Australia's IT community should expect some shortages of key high-tech components as a result of the tragic earthquake and tsunami in Japan, according to IDC.
In a report released yesterday, hardware analyst and Japanese industry subject matter expert Trevor Clarke detailed the disaster's impact on 16 key Japanese vendors, speculating that even those with unscathed manufacturing plants would experience delays.
Sony was among those manufacturers worst hit, with some 12 factories suspended from operation, Clarke reported. Those plants produced magnetic tapes, lithium ion batteries for PCs and mobile phones, LCD TVs and a number of other components.
Even if these plants could be turned back on, Clarke said production would be impacted by power outages as utility TEPCO attempted to control the unstable Fukushima nuclear plant.
He said there was little visibility available around the frequency or extent of these outages into the future.
That said, Clarke expected Sony to find ways to shift production from these 12 facilities to its network of plants elsewhere in Japan to continue to bring products to market.
Toshiba, meanwhile, has refuted reports that its NAND flash memory factories were impacted, but has halted chip production at factories in the Iwate Prefecture. The Iwate plant manufactured LSI chips for microprocessors (used in image sensors, for example). Last week Toshiba also said it would close an LCD (liquid crystal display) factory for one month, opening later in April.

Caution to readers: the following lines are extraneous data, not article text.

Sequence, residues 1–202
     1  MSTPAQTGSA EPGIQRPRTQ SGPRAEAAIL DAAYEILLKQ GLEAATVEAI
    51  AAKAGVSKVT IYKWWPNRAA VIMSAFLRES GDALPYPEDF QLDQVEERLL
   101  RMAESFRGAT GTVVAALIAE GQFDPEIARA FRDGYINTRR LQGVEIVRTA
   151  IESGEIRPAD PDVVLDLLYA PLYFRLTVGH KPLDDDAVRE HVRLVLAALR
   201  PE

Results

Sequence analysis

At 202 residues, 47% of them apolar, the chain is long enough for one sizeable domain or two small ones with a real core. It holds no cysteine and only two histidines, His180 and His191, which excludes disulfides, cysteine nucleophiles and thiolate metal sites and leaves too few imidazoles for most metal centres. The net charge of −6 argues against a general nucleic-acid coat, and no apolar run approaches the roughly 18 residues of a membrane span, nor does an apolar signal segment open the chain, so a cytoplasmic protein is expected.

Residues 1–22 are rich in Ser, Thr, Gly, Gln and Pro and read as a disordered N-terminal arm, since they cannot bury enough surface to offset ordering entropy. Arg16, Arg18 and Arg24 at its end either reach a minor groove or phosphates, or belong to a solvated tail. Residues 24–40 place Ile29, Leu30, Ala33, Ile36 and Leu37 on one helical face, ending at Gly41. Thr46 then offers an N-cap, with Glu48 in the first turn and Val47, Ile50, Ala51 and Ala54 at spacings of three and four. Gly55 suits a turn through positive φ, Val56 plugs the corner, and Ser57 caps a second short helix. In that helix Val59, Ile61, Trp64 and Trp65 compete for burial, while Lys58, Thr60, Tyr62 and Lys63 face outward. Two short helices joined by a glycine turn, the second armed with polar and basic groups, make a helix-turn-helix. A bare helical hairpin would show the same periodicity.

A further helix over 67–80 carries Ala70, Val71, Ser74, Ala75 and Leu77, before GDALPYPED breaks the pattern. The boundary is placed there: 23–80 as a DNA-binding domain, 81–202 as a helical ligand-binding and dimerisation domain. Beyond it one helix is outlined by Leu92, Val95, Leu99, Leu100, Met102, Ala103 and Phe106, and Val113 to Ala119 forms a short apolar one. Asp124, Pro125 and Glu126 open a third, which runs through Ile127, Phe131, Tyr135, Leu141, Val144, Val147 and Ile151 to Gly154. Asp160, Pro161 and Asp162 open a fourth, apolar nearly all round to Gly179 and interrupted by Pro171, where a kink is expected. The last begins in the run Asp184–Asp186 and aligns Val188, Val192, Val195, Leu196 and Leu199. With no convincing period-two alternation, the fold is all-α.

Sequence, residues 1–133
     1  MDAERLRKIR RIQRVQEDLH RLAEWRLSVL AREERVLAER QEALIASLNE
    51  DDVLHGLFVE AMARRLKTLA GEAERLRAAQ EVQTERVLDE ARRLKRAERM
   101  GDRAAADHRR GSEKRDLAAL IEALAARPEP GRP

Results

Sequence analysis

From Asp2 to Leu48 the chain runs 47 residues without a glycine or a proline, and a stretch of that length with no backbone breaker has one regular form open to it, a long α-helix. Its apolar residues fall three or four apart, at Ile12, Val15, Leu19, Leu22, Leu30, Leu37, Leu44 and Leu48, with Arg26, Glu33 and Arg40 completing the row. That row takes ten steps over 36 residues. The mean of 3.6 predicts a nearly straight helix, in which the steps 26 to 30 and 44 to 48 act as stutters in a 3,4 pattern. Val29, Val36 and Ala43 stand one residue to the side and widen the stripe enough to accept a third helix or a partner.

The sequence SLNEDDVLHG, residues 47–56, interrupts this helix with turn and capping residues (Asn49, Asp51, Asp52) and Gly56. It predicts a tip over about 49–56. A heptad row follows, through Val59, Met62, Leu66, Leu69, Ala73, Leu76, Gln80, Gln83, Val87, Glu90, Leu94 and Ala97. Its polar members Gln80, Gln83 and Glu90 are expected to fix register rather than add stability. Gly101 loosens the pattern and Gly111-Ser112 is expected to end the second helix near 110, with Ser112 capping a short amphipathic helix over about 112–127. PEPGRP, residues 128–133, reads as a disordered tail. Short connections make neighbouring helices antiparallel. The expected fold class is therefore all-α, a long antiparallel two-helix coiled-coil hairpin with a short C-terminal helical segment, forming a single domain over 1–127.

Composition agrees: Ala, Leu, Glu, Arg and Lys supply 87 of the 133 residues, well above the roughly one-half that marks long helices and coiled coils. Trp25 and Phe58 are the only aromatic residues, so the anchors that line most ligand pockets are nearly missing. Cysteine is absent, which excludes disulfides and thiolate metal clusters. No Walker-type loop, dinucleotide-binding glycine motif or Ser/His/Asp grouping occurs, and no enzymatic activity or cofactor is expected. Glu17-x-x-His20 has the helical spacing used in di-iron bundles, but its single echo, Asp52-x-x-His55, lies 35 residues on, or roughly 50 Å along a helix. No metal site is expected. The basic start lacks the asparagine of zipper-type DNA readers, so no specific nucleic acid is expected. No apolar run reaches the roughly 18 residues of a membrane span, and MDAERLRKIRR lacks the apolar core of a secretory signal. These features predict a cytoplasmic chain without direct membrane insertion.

Fujitsu has not reported on the extent of the damage. Japanese media reported that the company has shifted PC manufacturing from a plant located close to the impacted Tohoku region to other sites to continue supply.
NEC appeared to have been more fortunate, having reportedly resumed operations at all facilities, gradually increasing production as it gained a steadier supply of components.
But Clarke noted that even at those relatively unscathed manufacturers such as NEC, there are a number of reasons why production will be slow, including supply chain problems, power shortages and cultural factors unique to Japanese industry and society.
Nonetheless, he expected the Japanese industry giants to make every effort to accommodate the Japanese Government's calls to reduce power consumption as efforts to contain the Fukushima nuclear crisis and rebuild key power infrastructure continued.
"Japanese companies exhibit a strong sense of corporate social responsibility," Clarke said. "The central premise is that the workers are the company - it is very likely that vendors and data centres may restrict production to help reduce power consumption, particularly around Tokyo."
Companies would likely take a short term hit, he said, due to the longer term importance of IT to the economy, and anticipation that helping out today would be rewarded with strong government backing in the future.
"They simply can't afford to alienate their own workers or the government," he said.
Clarke said key data centres in Japan appeared to have fared well - with diesel generator backups running courtesy of preferential diesel supply agreements put in place by the government well before the natural disaster.
The Japanese Government has long recognised the importance of IT to the Japanese economy, he said.
"The DR (disaster recovery) is actually standing up really well, even with such a colossal and tragic event," he said.
Clarke urged IT distributors to evaluate how much of their portfolio relied on Japan's high tech industry and form clear communication lines with their suppliers in Japan rather than local representatives.
In sum, he expected price changes for components to be inevitable, although those changes may not necessarily impact prices on final product.